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Frontpage Interview’s guest today is Kerry Kachejian, one of the nation’s most qualified soldiers and engineers, having served in and supported reconstruction operations in both Iraq and Afghanistan as well as relief operations during Hurricane Katrina. He is the author of the new book, SUVs SUCK in Combat: Chaos & Valor–The Rebuilding of Iraq During a Raging Insurgency and was recently presented the Literacy Hero Award. Visit his site at kerrykachejian.com.
FP: Kerry Kachejian, welcome to Frontpage Interview.
Tell us what inspired you to write this book.
Kachejian: Thanks Jamie.
I had no intention of writing a book when I returned from Iraq. However, I spoke at several conferences and numerous colleagues heard my stories, and they strongly encouraged me – in fact demanded – that I “write a book.”
I wrote the book for several reasons:
 To educate the American public. To let them know that there were many good things happening in Iraq other than sound bites about daily car bombings.
 To capture a piece of American history that was in the making.
 To make sure the hard lessons we learned were recorded and captured so they are not repeated by future generations.
I wrote this book as a private citizen. So all opinions in it are mine and not those of the Department of Defense or the US Government.
FP: Share with us your military experience in general and your experience in Iraq and Afghanistan in particular.
Kachejian: I served on active duty as an Engineer Office for six years following graduation from West Point. I have been in the Army Reserve for the past 23 years. I’ve been trained in combat engineering skills (demolitions, mine warfare, counter IED, bridge building, fortifications, roads, airfields, etc) and the construction of major facilities (Professional Engineer). I hold two Masters degrees in Systems Engineering (Virginian Tech) and in National Resource Strategy (National Defense University). I have several tactical qualifications (Airborne, Ranger). So I have been trained on the tactical, operational and strategic levels of warfare.
In 2004, my Army Reserve team was sent on an unbelievable mission – to rebuild Iraq while the U.S. military was fighting a raging insurgency. The progress of this mission was so important it had to be reported daily to the Secretary of Defense and often the President.
No military unit had ever existed to perform this mission. So the Army had to create a special new unit – called the Gulf Region Division (GRD). We had to organize it, staff it, equip it, deploy it and go straight into combat and begin to rebuild thousands of projects. This special new unit was called the Gulf Region Division (GRD). I served as the Operations Officer for GRD.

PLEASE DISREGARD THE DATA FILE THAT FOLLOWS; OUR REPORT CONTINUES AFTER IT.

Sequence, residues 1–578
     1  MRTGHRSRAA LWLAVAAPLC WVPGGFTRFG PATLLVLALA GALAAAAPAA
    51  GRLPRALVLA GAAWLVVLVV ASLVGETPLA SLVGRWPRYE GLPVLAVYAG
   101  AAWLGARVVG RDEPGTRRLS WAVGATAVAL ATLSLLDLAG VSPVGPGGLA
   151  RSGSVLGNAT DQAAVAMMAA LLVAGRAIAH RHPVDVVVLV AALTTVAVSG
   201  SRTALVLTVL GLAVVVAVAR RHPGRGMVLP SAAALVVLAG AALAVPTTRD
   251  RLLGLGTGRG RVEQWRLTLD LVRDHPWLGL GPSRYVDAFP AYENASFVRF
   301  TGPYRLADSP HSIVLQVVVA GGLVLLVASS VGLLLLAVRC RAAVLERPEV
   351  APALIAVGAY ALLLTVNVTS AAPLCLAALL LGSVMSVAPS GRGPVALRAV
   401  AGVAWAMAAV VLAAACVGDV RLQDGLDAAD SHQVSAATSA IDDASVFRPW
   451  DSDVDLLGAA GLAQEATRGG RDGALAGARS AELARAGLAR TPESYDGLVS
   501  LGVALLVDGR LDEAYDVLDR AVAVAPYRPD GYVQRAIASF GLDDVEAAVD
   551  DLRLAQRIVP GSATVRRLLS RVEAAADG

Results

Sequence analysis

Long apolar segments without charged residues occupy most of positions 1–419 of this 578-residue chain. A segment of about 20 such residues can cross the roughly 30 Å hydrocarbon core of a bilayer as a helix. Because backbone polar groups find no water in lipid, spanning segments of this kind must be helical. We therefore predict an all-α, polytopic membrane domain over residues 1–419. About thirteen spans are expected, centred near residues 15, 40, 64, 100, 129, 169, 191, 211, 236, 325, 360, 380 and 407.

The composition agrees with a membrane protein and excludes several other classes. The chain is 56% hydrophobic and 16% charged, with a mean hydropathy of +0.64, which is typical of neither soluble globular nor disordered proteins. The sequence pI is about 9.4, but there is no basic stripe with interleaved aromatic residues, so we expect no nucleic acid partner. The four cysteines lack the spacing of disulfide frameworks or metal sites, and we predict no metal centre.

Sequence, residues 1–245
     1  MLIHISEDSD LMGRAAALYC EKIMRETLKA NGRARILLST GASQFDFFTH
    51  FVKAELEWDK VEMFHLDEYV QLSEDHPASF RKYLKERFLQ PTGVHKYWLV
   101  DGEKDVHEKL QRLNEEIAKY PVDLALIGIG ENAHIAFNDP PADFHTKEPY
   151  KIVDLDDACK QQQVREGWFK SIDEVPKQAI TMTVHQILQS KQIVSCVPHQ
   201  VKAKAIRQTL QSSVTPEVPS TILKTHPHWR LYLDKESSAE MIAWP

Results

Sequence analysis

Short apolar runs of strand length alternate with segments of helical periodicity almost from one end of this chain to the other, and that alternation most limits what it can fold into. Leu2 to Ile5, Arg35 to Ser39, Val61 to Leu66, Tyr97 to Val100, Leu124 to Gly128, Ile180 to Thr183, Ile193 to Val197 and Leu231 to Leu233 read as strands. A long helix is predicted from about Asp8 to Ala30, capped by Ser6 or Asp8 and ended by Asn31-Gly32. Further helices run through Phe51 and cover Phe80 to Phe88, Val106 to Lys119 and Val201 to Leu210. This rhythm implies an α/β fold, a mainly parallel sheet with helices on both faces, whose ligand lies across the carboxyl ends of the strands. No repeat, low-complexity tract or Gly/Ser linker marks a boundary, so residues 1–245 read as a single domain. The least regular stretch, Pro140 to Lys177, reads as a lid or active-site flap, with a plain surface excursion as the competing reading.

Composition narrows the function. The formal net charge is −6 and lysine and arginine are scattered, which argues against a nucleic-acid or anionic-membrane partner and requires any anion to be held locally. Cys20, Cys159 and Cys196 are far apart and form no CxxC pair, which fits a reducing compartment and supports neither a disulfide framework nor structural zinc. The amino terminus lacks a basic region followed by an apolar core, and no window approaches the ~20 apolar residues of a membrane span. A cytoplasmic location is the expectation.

90% of the members of this new unit were civilians – all volunteers. They began the largest, most complex and most dangerous post-war reconstruction project ever undertaken by our nation.
Rebuilding Iraq was a team effort that involved multiple government agencies, ministries and contractors. The size and complexity of the mission was only exceeded by its ambiguity and danger, particularly in the early days of the Iraqi insurgency.
The entire mission started as 2300 projects but the list constantly evolved. It eventually grew to over 5000. Over $18B of US funds were appropriated and billions more of Iraqi oil dollars were also committed. After two years, the unit was awarded the Meritorious Unit Commendation (MUC) by General Casey. Among the projects highlighted in the award justification were:
* 730 schools
* 280 police stations
* 300 water and sewer projects
* 105 village road projects
* 230 border forts
* 90 railroad stations
* 40 public buildings
* 85 fire faculties
* 15 power generation facilities
* 1,400 electrical transmission towers
* 8,600 kilometers of power cable
* Adding 2,000 megawatts to the Iraqi national power grid
* 25 hospitals
* 155 public health care clinics
* Employing an average of 155,000 workers (military-aged men)
Many people put themselves in harm’s way trying to rebuild Iraq, and America should be proud of what they achieved.
Now war is inherently dangerous, and we were not immune from the violence. There were hundreds of attacks and scores of casualties that were part of the daily struggle to rebuild Iraq. I can only remember a few days when our unit was NOT attacked in some form – IED, rockets, sniping, drive-by shooting, or the Iraqi workers kidnapped or threaten. Near the end of my tour in 2004, our reconstruction operations had 45 personnel killed in action (KIA) and 82 wounded in action (WIA). Most of these were contractors supporting the mission.
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